Dual Feed Rain Barrels


Feb 25, 2010

My wife is an avid gardener and always wanted some rain barrels. After we moved up to Milwaukee we thought that was the perfect time to try them out. The new lot was twice the size of the old one which meant we could do a lot more gardening and would also be using more water. Aside from the environmental benefits we figured the rain barrels would be a way good way to offset the water bill a little.

Additionally, one particular feature we noticed immediately about the house was the heavy clay soil. Heavy meaning you could sculpt a pot straight out of the ground. A side effect of that is that water around the basement of the house didn't really drain away well. The house has two sumps and in the spring they both ran quite frequently. My suspicion was the drain field didn't have enough of a slope to carry the water away. I dug down to the pipe along the house and it seemed like the pipe was always half full. I would expect some standing water but that seemed like a bit much.

So when decided to install a couple of rain barrels we had the thought of feeding them with both the downspout from the roof and the outflow of the two basement sump pumps - a dual feed rain barrel system.

My theory was the dual feed system would provide two benefits. First, the sump pump would provide more water for gardening. Second, the sump pump water would be diverted away from the drain field and less of it would constantly cycle between the pump and drain filed.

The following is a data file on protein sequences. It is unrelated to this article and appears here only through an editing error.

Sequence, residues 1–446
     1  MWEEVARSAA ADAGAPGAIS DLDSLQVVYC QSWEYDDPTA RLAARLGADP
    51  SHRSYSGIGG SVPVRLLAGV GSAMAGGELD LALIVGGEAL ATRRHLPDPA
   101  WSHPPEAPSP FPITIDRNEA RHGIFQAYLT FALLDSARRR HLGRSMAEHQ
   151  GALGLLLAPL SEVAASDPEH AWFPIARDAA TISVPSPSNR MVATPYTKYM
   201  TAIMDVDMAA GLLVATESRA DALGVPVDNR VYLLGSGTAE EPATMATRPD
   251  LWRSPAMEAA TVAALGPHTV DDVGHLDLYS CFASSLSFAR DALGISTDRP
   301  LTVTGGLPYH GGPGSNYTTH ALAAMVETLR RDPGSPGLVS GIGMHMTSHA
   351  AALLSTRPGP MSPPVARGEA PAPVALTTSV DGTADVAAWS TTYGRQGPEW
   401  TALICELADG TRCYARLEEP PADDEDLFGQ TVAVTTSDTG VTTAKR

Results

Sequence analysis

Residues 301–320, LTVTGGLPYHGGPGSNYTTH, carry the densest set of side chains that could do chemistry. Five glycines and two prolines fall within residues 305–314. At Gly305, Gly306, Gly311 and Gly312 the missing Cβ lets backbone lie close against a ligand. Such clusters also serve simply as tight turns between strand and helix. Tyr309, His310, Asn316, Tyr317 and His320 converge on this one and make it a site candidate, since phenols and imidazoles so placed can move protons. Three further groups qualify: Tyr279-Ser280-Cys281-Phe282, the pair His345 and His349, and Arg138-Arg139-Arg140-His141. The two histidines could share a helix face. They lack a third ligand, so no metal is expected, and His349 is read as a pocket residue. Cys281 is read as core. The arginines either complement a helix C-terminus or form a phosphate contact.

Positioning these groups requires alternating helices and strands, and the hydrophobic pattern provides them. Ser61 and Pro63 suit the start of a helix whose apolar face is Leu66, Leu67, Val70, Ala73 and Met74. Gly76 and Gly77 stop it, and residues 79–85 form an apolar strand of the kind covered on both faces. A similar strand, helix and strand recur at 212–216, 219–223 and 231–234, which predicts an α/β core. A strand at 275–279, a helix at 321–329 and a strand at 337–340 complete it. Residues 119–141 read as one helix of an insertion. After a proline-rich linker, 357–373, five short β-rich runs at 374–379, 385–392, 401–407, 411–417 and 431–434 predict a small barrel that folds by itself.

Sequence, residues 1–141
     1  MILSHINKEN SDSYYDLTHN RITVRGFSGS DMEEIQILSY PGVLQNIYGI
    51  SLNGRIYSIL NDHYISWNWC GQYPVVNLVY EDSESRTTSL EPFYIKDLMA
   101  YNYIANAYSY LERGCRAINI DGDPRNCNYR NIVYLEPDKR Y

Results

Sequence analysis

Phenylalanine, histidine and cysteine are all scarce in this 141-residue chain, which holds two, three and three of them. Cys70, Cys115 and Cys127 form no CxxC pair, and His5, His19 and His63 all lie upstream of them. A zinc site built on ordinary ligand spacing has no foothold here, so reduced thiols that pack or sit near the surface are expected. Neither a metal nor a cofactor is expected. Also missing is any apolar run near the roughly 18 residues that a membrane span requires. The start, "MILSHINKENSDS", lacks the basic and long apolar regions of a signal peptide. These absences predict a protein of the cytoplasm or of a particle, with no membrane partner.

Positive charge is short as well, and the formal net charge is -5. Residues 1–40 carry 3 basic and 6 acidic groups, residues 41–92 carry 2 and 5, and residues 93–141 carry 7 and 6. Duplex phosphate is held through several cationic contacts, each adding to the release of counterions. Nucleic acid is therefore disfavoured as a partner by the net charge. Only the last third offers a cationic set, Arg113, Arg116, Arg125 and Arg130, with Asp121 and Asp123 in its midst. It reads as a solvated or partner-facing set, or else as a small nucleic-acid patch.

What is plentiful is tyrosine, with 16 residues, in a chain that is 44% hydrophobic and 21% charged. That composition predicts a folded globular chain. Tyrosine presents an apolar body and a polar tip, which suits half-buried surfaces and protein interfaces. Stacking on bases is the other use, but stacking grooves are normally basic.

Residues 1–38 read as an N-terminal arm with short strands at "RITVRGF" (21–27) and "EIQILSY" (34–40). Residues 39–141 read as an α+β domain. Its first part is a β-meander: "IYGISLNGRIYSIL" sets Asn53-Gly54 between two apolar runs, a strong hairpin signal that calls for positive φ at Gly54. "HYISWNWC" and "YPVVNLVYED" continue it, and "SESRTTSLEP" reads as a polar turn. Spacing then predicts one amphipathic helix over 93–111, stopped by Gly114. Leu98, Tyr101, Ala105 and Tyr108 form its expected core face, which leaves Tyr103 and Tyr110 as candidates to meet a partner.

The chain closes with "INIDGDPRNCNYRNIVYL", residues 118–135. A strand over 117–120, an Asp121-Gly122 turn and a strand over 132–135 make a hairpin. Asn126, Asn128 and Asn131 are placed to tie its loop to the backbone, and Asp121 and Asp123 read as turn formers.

Research on Sump Pump Fed Rain Barrels

While there was a lot information on the web regarding rain barrels in general there wasn't a lot on on the idea of pumping sump pump water into a rain barrel. My biggest question was how safe it was (bio hazard wise). The few post I did find on the subject didn't mention any series problems with the idea.

I was worried about the cleanliness of the sump pump water. I don't mind the occasional smashed thumb or scar due to my own home improvement projects but I was rather concerned about the possibility of accidentally poisoning my family. I am well aware rain barrel water is not potable but considering very few other people were doing this I thought there might be a good reason.

Then I considered that the water from the roof contains all sorts of bugs and bacteria (i.e. birds can do there business wherever they want). The basement water was at least semi filtered due to seeping through 8 feet of clay. Also the sump pump water, at our house anyway, really wasn't all that stagnant as the pumps seem to run at least once every couple of days, even in dry times.

The worst issue anybody on the web could think of was the sump pump water might be too full of particles and clog up the pipes. A quick look at the two pumps in my basement did not prove that out. The water was quite clear and I could see the bottom of the pit at a depth of about a foot and a half.

Rain Barrel System Parts